I don’t know about recommend it! It worked for me in that it gave me a clear field in which to place the crime fiction and the background to deliver on the possibilities. Then, the academic career took me to a lot of places and activities that in some way all feed into the training to become a crime fiction writer. In general, though, perhaps the best training is in developing curiosity about people and places. Had I lacked that then I doubt the formal education would have directly helped me become a fiction writer. Obviously the university work gave me the chance to read and think about a lot of things, and that led to work in places all over the world that again helped feed the experiences and insights that are so useful for writers. But others do it differently – Rankin’s curiosity for Edinburgh shines through, remembering though he was also a PhD student when he did that. Fred Vargas and Doug Johnston and a heap of others are also seriously well educated in the formal sense, but they also have the sense of place and people that marks the great writer in any genre. Writers who know place and people may or may not have a deep formal education but they all have a relentless taste for knowledge.
What are some of your influences, literary and otherwise?
Really varied! There is all the crime fiction to start with and that is, of course, extensive but for me focuses on “crime and place” hence Rankin, Connolly, Parker Bilal, Barbara Nadel, Phillip Kerr, Paul Thomas (NZ), Jane Harper, Valentina Giambanco, Colin Cotterill, Andrea Camilleri etc etc etc. All that builds on an academic literature and some of the keys there are people like C.L.R. James, whose book on cricket was really about Caribbean cultural evolution post-slavery, and, say, Robert Darnton’s wonderful insights into France during the French Revolution. There is the more specific and detailed work on India and China etc that has fed into my knowledge base, and some of that comes from the fiction of people like R.K. Narayan. I love the great writers like Somerset Maugham and Evelyn Waugh along with all the others like Robert Louis Stevenson and Walter Scott but also, say, Jack London, Charmian Kittredge and writers who “see” so well into other places and people. Reading a lot of anthropology helped! These days I read a lot of global affairs non-fiction and again really appreciate the skill and the views in works like J.D. Vance’s Hillbilly Elegy.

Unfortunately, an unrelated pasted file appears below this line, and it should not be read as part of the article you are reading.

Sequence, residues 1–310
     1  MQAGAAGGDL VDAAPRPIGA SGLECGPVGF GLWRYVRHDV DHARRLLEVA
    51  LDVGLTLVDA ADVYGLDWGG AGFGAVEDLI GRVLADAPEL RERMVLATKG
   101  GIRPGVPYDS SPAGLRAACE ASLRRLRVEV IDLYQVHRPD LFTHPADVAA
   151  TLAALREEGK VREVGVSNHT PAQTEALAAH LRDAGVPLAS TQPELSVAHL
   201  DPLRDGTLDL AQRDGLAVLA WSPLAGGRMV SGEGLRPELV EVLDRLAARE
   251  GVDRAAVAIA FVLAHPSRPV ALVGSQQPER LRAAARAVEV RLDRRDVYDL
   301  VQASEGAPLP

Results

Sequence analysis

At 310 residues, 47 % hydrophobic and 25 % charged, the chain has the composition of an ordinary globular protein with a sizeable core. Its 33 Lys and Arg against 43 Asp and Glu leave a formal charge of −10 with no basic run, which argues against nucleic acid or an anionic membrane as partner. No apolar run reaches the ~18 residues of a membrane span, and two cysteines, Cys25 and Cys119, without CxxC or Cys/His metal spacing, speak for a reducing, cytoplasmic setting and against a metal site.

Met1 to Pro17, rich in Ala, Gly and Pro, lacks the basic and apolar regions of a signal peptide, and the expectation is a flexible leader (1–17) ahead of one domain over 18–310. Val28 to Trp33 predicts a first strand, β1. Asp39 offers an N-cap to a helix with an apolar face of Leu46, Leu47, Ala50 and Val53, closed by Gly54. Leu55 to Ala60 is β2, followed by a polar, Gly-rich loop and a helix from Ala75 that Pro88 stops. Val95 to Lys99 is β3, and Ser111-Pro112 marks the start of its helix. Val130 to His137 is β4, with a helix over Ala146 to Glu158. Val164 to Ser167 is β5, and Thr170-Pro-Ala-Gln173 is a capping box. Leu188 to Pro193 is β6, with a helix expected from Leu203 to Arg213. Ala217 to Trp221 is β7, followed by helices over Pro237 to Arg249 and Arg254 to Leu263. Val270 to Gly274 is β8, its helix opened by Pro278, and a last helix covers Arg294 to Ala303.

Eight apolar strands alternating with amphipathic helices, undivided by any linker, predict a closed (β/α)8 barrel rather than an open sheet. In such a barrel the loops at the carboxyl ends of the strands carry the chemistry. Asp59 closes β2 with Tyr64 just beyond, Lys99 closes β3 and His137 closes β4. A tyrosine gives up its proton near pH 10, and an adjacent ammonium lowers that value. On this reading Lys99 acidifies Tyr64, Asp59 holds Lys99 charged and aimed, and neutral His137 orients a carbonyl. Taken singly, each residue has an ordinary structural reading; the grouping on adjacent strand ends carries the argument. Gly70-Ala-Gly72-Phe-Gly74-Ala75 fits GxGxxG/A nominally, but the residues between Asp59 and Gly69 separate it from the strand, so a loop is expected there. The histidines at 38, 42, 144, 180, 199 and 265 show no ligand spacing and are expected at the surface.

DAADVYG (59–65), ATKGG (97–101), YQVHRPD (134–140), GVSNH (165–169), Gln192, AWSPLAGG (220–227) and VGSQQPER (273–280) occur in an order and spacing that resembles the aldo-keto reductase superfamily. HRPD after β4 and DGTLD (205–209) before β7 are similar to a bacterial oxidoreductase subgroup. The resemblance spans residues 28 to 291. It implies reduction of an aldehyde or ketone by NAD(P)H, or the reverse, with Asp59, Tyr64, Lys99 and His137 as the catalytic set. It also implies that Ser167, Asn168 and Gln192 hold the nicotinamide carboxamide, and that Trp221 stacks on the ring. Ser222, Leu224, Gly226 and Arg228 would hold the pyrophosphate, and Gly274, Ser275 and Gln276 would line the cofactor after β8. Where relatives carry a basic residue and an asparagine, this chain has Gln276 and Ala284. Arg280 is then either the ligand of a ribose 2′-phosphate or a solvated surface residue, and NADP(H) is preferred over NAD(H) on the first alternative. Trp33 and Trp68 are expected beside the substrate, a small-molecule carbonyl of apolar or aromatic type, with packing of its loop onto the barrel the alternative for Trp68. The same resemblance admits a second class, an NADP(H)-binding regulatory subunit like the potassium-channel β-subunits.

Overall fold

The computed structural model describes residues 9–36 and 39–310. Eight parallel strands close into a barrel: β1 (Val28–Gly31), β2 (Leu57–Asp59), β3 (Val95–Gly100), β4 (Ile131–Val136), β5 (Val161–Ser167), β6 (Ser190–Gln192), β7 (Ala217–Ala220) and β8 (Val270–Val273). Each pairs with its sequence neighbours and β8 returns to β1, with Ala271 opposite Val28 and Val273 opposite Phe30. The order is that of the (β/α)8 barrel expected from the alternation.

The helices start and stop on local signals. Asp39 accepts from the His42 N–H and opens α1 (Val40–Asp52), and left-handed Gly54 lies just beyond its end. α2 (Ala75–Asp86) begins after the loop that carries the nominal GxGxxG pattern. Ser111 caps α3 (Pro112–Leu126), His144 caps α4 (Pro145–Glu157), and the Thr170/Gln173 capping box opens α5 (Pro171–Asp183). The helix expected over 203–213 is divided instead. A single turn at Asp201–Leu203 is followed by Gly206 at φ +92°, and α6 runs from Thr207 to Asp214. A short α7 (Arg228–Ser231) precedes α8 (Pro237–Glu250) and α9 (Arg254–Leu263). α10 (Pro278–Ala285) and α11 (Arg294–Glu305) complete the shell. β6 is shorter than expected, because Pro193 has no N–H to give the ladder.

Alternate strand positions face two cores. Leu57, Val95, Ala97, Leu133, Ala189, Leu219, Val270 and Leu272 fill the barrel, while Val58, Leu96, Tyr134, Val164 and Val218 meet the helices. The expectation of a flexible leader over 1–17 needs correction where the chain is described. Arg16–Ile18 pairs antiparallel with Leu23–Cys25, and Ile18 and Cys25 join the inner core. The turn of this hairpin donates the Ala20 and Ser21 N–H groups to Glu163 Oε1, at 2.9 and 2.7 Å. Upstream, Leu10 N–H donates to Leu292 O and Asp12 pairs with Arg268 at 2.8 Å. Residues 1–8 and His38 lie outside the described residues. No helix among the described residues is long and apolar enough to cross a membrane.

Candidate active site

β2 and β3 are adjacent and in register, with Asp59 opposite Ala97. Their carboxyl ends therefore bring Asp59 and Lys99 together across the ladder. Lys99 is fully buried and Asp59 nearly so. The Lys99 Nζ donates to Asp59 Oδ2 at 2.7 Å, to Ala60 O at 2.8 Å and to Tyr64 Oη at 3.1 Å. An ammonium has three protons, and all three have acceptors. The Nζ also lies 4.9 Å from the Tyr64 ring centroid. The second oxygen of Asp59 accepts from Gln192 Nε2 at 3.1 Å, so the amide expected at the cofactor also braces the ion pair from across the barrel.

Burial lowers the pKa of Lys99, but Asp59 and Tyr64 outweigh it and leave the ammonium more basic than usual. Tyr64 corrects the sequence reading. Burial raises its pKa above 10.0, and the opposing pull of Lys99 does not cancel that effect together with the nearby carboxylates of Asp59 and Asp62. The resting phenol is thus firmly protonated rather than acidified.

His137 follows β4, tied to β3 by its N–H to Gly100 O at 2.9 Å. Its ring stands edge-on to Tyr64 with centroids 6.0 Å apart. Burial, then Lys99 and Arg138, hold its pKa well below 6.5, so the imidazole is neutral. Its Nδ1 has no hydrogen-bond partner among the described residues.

What’s next for you?
I am currently finishing a non-fiction true crime biography of a Frenchman who was hanged for a double murder in NZ in the late nineteenth century and whose life was extraordinary. There is another Le Fanu being developed and I am looking at some TV and film ideas as well, and looking out for other new possibilities. It is never dull!
Thanks, Brian! That was intellectually stimulating to say the least, cheers.
After a long career around the globe as a university teacher, researcher and administrator, Brian Stoddart is now a consultant and writer. He has published fifteen books of non-fiction covering mainly sport, Asian affairs and, more recently, global events.
He writes regularly for the press and several websites, appears on radio and television, is a frequent keynote speaker at conferences and seminars around the world, and also works as a speaker-lecturer on cruise ships. Brian Stoddart also maintains his own blog.
Bibliography: A Madras Miasma, The Pallampur Predicament, A Straits Settlement
PHOTO: BRIAN STODDART